Warning about rare, but extreme pain after LASIK eye surgery

Rare symptom can lead to depression, suicide

VIDEO: Ashley Harding reports on doctors' warnings of pain after Lasik surgery.

JACKSONVILLE, Fla. – A local ophthalmologist warning about rare, but extreme pain after LASIK eye surgery.

The dangers are now the focus of a new Wall Street Journal report. Dr. Arun Gulani took part in the report and is warning people about the extreme pain and how to prevent it.

Gulani said while it's a rare condition, this can happen after the nerves are damaged during the surgery. This can make the eyes hypersensitive to many things, even something as simple as a gust of wind.

“In a typical LASIK procedure, you make a cut in the cornea. Then you lift this flap up. While cutting this cornea, is where you end up damaging the nerve,” explained Gulani. The procedure may be hard to understand for people outside the medical field. Gulani said what might be harder to understand is the debilitating pain that can sometimes come post-surgery.

It’s the reason why patients from all over the world end up in his exam room.

“When these patients fly here, you can imagine the amount of time and money they’re spending just flying to me. It tells you, already, the level of pain they’re going through,” Gulani said.

He has divided these patients into two categories: transient and chronic. 

In a transient case, the pain can become well-controlled in about three months through treatment. The chronic case is different. Gulani said this is where the pain is so severe, it can lead to depression, and in some cases, suicide.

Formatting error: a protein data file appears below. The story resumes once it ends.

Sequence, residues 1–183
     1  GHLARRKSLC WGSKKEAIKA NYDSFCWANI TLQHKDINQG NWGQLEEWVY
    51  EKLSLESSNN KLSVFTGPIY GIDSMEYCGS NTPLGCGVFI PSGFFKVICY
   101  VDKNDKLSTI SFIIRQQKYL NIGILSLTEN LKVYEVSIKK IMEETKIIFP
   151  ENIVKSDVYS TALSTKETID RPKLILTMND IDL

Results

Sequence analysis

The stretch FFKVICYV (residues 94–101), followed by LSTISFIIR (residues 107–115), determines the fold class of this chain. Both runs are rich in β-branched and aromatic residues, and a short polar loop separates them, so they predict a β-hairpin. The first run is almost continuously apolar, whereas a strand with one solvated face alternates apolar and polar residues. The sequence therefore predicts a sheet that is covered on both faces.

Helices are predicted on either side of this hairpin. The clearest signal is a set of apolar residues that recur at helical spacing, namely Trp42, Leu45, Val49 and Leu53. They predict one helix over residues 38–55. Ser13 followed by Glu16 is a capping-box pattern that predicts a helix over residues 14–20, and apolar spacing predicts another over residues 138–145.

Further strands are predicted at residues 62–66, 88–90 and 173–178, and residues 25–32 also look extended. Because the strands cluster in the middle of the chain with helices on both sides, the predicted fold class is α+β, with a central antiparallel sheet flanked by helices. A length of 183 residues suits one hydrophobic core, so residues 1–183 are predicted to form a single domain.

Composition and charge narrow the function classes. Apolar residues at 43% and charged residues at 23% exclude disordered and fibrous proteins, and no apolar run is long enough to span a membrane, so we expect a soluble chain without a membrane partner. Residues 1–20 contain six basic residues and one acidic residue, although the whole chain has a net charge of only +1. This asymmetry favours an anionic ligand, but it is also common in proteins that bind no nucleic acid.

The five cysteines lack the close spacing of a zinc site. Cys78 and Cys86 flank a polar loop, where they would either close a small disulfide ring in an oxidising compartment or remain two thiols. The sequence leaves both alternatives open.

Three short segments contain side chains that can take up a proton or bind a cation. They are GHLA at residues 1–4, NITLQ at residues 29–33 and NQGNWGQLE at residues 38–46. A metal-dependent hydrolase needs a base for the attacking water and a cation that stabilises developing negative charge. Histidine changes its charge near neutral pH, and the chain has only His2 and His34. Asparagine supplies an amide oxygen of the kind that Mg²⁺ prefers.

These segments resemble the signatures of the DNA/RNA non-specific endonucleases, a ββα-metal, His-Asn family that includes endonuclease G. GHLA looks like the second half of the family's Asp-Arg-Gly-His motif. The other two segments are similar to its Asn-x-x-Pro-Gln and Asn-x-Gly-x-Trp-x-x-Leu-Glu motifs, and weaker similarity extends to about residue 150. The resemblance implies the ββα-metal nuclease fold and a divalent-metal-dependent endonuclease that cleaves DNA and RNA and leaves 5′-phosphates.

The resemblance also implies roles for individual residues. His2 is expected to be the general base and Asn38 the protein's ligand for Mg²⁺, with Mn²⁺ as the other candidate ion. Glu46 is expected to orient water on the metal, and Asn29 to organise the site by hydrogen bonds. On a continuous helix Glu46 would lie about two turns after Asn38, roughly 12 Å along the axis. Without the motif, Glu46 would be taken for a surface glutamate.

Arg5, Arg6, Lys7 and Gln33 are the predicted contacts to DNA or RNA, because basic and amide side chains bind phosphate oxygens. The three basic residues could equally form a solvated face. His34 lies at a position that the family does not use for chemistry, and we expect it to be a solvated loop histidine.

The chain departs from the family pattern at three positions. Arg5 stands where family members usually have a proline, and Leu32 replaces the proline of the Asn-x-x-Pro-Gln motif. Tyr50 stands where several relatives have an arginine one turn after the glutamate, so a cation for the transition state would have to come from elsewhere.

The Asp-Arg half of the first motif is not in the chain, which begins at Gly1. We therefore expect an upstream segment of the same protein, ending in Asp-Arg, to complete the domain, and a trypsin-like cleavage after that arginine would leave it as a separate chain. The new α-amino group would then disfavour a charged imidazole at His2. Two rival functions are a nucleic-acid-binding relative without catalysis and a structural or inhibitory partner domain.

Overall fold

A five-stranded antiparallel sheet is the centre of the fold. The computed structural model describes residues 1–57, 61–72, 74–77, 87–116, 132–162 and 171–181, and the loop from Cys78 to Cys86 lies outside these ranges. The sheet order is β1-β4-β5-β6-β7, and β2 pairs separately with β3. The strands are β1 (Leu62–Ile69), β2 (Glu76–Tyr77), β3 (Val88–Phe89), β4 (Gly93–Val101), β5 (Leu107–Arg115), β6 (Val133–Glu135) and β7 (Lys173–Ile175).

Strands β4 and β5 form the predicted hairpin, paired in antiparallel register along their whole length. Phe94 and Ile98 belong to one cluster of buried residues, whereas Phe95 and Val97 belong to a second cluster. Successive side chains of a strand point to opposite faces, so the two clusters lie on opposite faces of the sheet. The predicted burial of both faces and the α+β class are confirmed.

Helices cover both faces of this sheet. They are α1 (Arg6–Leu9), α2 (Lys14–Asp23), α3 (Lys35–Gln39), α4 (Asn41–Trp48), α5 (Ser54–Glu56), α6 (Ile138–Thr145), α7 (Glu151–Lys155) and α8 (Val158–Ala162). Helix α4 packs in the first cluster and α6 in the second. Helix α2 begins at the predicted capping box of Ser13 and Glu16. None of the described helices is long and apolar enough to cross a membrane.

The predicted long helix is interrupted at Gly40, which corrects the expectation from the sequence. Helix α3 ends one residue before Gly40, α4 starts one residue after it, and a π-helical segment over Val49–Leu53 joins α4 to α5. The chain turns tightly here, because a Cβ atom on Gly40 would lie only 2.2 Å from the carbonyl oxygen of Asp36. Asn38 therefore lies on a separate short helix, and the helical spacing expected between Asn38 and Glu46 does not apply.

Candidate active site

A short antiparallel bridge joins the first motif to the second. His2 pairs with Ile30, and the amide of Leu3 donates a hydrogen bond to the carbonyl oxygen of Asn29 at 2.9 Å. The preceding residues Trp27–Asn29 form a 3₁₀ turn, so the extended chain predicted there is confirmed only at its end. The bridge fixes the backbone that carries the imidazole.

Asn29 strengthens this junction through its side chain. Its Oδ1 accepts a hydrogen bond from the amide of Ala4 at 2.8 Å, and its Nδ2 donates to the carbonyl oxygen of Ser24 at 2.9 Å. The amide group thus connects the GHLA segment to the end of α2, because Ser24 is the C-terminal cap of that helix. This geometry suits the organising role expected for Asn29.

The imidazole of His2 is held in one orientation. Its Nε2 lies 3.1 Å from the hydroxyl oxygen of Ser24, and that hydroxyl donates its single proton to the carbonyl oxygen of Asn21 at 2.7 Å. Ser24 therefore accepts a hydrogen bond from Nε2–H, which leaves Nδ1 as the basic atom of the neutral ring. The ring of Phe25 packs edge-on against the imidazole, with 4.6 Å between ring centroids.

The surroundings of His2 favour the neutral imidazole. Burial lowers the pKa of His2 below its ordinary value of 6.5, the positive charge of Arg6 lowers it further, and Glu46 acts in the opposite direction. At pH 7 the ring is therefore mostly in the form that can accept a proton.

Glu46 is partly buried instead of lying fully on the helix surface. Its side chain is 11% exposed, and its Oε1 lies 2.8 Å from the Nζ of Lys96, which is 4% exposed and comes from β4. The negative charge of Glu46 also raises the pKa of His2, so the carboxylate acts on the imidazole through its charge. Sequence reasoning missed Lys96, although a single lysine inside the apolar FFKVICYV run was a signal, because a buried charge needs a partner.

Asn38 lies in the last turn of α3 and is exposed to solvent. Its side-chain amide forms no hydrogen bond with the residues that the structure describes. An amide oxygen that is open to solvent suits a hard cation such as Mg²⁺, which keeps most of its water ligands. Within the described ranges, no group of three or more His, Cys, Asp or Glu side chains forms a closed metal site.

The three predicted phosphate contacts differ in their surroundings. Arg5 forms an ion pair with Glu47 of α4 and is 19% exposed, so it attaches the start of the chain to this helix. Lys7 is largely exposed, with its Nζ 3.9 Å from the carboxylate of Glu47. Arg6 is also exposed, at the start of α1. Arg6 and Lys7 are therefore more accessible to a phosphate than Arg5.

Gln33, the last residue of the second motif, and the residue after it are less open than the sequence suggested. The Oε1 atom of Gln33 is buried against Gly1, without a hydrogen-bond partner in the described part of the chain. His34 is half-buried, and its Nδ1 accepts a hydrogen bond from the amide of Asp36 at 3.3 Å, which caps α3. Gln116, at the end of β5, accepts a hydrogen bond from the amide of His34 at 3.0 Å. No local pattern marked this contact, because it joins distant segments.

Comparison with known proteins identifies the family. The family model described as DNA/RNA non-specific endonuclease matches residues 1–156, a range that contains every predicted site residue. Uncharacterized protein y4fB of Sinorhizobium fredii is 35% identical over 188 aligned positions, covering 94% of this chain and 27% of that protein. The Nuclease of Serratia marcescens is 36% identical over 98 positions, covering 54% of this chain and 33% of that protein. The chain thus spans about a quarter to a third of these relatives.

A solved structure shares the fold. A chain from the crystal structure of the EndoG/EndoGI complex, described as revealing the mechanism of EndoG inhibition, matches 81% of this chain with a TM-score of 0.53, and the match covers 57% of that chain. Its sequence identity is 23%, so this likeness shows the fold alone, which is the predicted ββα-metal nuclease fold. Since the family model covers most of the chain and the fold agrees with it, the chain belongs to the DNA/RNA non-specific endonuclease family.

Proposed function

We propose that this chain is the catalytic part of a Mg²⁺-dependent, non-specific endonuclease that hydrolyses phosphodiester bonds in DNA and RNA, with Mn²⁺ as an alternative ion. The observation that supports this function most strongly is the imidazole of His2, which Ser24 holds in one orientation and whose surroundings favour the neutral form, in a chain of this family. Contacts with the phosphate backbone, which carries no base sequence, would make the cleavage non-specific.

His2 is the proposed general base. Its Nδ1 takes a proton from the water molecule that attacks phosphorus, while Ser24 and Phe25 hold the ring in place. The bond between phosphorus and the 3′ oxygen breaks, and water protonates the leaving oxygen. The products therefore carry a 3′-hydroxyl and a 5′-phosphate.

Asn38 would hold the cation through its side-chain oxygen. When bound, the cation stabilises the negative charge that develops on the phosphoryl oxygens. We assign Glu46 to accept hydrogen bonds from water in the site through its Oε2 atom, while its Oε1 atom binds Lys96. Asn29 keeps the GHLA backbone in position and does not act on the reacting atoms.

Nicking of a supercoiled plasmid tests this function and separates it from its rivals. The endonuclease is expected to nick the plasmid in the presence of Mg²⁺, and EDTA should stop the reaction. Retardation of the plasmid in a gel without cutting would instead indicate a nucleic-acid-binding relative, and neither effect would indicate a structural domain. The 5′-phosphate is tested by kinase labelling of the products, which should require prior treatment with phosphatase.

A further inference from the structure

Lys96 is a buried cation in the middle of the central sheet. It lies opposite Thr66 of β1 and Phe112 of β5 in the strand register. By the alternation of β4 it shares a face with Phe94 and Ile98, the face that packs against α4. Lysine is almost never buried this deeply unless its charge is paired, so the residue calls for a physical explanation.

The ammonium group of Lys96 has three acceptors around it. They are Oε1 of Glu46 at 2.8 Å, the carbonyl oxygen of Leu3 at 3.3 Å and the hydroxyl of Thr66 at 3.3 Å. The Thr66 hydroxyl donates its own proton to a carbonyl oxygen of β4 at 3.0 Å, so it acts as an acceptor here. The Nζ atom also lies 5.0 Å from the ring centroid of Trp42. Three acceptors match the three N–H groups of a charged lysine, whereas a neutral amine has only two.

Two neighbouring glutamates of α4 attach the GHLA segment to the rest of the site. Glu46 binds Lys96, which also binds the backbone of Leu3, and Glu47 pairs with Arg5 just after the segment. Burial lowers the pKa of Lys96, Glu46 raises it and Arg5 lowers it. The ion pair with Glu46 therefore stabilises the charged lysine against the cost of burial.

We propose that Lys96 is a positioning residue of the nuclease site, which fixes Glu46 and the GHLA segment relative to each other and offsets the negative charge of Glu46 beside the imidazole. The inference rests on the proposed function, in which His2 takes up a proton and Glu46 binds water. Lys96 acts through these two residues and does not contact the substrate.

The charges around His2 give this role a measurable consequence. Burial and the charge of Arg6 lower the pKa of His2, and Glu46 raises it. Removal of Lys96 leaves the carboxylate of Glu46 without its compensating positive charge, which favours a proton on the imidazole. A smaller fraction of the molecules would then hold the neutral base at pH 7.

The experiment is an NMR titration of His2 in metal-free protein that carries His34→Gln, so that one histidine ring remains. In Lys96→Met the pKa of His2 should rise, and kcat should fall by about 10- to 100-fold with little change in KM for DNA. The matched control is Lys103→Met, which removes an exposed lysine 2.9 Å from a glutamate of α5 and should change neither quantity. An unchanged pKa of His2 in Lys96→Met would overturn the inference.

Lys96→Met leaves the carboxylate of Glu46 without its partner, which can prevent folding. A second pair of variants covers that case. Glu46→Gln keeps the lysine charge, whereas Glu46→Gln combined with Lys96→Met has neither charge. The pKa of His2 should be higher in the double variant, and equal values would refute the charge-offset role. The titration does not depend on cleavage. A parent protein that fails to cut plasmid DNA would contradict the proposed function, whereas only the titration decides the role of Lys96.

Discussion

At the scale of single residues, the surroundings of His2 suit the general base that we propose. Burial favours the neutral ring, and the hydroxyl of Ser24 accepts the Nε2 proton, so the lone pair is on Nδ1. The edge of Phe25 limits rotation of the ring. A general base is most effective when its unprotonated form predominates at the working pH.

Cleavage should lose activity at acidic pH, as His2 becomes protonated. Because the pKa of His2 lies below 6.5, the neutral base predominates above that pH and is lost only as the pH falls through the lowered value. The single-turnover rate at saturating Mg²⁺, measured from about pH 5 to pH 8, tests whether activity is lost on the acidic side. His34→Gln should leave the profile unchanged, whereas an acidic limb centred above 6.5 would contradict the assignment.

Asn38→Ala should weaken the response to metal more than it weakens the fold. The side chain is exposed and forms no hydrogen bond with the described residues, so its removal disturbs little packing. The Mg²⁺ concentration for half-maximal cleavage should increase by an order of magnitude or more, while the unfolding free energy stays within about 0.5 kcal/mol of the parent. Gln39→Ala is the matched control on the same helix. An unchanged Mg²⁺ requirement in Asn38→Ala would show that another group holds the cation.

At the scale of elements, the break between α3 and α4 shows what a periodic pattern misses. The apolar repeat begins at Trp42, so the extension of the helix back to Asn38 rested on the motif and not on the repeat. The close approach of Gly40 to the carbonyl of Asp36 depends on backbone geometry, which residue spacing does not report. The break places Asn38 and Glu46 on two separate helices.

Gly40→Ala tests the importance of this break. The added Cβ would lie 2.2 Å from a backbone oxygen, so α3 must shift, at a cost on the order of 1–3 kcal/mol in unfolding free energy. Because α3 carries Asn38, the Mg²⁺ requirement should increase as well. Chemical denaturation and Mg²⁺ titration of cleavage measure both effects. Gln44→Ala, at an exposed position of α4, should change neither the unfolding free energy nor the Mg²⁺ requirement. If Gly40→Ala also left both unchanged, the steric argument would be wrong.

Earlier this year, the husband of a Detroit meteorologist, who killed herself, linked her suicide to the procedure. 

“LASIK is an elective surgery, so you did not begin with a disease. You were normal as far as you were concerned, and to come back with a disease is unacceptable,” Gulani said.

Prevention begins with awareness, for both patients and doctors.

He believes a newer technique, one that doesn’t involve cutting or blades will help with prevention. 

“We’re using the laser in a very superficial but smooth surface way without cutting. Without cutting the nerve,” Gulani explained. He advises patients to work closely with their doctor and be their own advocate.“Find out why that procedure that has been picked is the best for you. Is it because the surgeon already knows the procedure or is that the right fit for you?”

Gulani said there are 23 different laser vision surgeries. LASIK is just one of them. That’s why he says patients should ask questions and be part of the process in finding what procedure is best for them. 


About the Authors:

Ashley Harding joined the Channel 4 news team in March 2013. She reports for and anchors The Morning Show.